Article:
“…maintains and encourages programs which link the University and its resources to its local, national, and international communities in support of efforts to alleviate ignorance, poverty, injustice, and hunger, to extend compassionate care to the ill and needy, and to maintain and improve the quality of life for all persons.”

According to Father Biondi’s March 2008 State of the University address, the university had already spent more than $18,000 in legal fees associated with the case against Dr. Meyer. In the spirit of extending compassionate care, why has the university continued its battle with Dr. Meyer rather than devoting its resources toward alleviating ignorance and injustice? In fact, with tens of thousands of dollars devoted to lawyers, I wonder if the university’s tendency to draw out the litigation process and drive up legal fees is not an effort to drive another into poverty.

<DR. MEYER SOUGHT TO TAKE FOR HIS OWN A TRADEMARK OF THE UNIVERSITY’S.  HE WAS ASKED, EARLY ON, TO RELEASE HIS CLAIM AND COMMIT NEVER AGAIN TO DOING THAT.  INSTEAD, HE REFUSED, AND SO LITIGATION HAS CONTINUED.  SHOULD THE UNIVERSITY HAVE IGNORED THIS THREAT?  WHILE SOME MIGHT ANSWER NO AND OTHERS YES, I TRUST MOST ORGANIZATIONS WOULD WISH TO DEFEND WHAT IS THEIRS THROUGH REASONABLE MEANS.  THAT’S WHAT WE’RE DOING.>

“…nurtures within its community an understanding of and commitment to the promotion of faith and justice in the spirit of the Gospels.”

It is my understanding that the Jesuit ideals that SLU strives to embody are based upon promoting good to its fullest extent, loving and not casting judgment. To quote an employee at Boston College, Jesuit ideals are based upon the “life and mission of Jesus Christ, who welcomed children, ate with sinners, defended the vulnerable, and proclaimed the Reign of God. Any activity claiming to represent Jesuit ideals will reflect these same priorities.” I contend that SLU’s Mission will not be realized in an environment characterized by censorship and apathy.

<THERE IS NEITHER CENSORSHIP NOR APATHY HERE, AND WE’RE WILLING TO “EAT WITH SINNERS.”  I.E., CONTRARY TO SOME OF WHAT’S BEEN WRITTEN, THE UNIVERSITY HAS SIMPLY REQUESTED TWO THINGS: (1) A FULL RELEASE OF DR. MEYER’S LEGAL CLAIM AND (2) HIS AGREEMENT TO ALLOW THE PAPER TO FUNCTION UNDER ITS CHARTER WITHOUT HIS INTERFERENCE.  HE IS NOT BEING ASKED ANYTHING WE WOULDN’T ASK OF ANY OTHER FACULTY OR STAFF MEMBER.>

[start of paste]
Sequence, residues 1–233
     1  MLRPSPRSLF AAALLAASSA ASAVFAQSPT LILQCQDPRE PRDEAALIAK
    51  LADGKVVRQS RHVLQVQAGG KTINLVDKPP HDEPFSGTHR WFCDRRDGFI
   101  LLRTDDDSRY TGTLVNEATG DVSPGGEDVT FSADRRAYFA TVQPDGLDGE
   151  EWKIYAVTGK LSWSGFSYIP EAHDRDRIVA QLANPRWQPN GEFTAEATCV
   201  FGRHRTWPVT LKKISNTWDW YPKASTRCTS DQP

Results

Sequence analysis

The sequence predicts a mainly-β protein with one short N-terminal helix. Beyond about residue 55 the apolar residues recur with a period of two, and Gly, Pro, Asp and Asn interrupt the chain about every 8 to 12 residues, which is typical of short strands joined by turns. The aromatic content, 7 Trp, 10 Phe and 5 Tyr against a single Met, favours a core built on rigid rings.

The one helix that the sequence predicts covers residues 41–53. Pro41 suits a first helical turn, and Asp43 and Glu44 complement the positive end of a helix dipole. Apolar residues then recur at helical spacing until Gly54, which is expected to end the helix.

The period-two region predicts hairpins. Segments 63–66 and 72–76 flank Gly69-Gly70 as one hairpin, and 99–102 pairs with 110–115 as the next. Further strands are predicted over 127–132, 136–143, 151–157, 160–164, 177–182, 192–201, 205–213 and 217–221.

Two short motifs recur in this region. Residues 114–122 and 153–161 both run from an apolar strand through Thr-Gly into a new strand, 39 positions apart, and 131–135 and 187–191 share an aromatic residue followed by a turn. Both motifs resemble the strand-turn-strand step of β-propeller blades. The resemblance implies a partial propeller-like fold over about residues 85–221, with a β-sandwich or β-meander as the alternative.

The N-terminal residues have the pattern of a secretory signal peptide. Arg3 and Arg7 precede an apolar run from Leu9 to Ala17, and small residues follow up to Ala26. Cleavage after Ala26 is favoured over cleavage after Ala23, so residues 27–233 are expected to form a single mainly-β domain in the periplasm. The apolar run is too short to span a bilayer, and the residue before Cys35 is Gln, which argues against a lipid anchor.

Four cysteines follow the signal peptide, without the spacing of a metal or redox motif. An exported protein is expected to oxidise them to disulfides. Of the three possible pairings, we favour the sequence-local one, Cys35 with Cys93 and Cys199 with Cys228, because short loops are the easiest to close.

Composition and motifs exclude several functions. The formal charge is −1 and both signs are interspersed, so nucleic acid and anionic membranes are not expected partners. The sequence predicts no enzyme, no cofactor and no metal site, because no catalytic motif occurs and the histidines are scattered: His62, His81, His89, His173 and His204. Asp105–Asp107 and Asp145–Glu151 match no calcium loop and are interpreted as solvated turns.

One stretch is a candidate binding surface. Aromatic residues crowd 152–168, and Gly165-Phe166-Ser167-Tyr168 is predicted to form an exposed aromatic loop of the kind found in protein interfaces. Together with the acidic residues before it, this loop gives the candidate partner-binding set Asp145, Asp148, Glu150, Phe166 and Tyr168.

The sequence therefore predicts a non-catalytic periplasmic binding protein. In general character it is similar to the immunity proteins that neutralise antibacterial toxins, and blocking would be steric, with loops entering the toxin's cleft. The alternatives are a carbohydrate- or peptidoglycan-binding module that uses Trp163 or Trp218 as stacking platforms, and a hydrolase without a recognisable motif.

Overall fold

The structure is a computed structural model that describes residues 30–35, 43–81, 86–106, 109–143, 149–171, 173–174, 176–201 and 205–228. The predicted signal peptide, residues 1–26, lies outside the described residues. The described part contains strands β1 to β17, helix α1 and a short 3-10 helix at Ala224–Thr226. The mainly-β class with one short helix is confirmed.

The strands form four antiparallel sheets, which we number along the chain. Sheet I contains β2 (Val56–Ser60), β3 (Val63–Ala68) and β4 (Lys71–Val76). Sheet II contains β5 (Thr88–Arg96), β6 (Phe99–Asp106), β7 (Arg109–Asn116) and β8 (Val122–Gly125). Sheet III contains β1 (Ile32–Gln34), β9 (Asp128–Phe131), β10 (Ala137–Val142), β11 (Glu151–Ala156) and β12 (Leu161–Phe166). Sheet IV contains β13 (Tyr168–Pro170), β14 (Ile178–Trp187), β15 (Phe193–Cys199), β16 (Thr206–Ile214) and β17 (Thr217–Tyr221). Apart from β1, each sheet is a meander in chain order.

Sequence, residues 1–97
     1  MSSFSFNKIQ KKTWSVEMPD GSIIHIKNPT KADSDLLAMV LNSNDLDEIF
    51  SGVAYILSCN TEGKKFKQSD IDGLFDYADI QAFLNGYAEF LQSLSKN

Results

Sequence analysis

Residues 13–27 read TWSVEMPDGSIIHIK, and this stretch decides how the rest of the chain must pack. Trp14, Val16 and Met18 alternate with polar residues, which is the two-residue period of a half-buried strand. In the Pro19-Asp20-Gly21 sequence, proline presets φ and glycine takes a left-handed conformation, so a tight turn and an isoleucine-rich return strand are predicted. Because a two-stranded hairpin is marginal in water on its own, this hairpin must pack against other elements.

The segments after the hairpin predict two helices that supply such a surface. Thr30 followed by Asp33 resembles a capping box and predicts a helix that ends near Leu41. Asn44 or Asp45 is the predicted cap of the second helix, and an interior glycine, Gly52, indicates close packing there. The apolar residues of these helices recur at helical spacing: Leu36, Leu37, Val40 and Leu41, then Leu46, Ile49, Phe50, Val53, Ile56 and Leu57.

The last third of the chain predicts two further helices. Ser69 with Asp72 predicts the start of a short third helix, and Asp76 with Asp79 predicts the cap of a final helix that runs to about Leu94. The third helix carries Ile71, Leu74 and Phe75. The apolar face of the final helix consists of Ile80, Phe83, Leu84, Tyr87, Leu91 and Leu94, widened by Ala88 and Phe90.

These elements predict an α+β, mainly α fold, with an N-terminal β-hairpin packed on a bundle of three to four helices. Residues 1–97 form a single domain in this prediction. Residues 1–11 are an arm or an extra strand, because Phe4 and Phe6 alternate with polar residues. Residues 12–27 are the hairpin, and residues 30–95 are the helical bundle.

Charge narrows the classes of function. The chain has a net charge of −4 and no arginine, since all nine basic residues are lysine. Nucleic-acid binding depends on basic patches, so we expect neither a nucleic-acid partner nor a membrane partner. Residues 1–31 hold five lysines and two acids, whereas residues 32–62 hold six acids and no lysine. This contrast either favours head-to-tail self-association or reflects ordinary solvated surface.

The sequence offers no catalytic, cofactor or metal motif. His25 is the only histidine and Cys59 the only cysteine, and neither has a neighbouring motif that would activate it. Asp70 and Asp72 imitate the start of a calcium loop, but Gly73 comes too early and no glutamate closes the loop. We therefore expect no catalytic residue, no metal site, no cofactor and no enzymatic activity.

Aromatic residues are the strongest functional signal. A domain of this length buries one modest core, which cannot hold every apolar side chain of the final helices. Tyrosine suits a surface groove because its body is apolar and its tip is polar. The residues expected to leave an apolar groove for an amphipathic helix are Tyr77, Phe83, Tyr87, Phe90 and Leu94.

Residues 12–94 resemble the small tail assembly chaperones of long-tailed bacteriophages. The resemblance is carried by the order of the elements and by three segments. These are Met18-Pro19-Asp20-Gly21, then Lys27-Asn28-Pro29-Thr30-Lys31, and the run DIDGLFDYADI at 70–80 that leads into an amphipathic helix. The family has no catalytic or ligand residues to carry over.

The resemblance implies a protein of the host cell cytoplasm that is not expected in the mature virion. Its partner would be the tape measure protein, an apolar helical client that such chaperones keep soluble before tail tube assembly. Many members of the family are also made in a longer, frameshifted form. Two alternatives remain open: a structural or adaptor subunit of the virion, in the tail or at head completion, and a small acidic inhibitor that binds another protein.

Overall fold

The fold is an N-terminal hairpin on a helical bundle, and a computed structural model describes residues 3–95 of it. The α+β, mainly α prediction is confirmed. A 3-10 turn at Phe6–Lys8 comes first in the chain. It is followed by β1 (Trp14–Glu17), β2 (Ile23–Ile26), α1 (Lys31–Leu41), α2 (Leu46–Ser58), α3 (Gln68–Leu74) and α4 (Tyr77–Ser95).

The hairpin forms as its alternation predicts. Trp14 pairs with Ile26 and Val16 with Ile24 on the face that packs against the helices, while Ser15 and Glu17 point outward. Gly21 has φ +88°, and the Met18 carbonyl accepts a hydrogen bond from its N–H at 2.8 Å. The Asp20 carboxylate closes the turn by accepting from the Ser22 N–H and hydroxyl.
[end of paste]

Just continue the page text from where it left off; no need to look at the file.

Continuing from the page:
“…wisely allocates its resources to maintain efficiency and effectiveness in attaining its mission and goals.”

With thousands of dollars invested in legal proceedings, not to mention late nights, furrowed brows and frustration over these matters, I can only hope that the leadership at Saint Louis University can continue to make wise allocations of its resources. I do not purport to know the whole story and I am left to rely upon public records, media coverage and the blogs and e-mails of concerned community members. In my last letter to you, I requested the truth regarding the situation, including the motives of the university in its continued legal proceedings and how I can further express my opposition to such actions.

<IT IS NOT EFFICIENT TO RESPOND TO YOU OR OTHERS, AND IT IS PROBABLY OF LIMITED EFFECTIVENESS.  BUT I RESPOND, IN LARGE MEASURE, BECAUSE THAT’S HOW I WAS RAISED — BY MY PARENTS AND THE JESUITS.  DESPITE WHAT THOSE WHO DO NOT KNOW ME MAY THINK, MY UPBRINGING ALSO DEEPLY INFORMS THE SPIRIT IN WHICH I CONDUCT THE UNIVERSITY’S BUSINESS.>

I understand that you cannot comment on personnel matters, but I would sincerely appreciate your insight regarding how this campaign furthers the university’s mission.

Regards,

Colleen Jaycox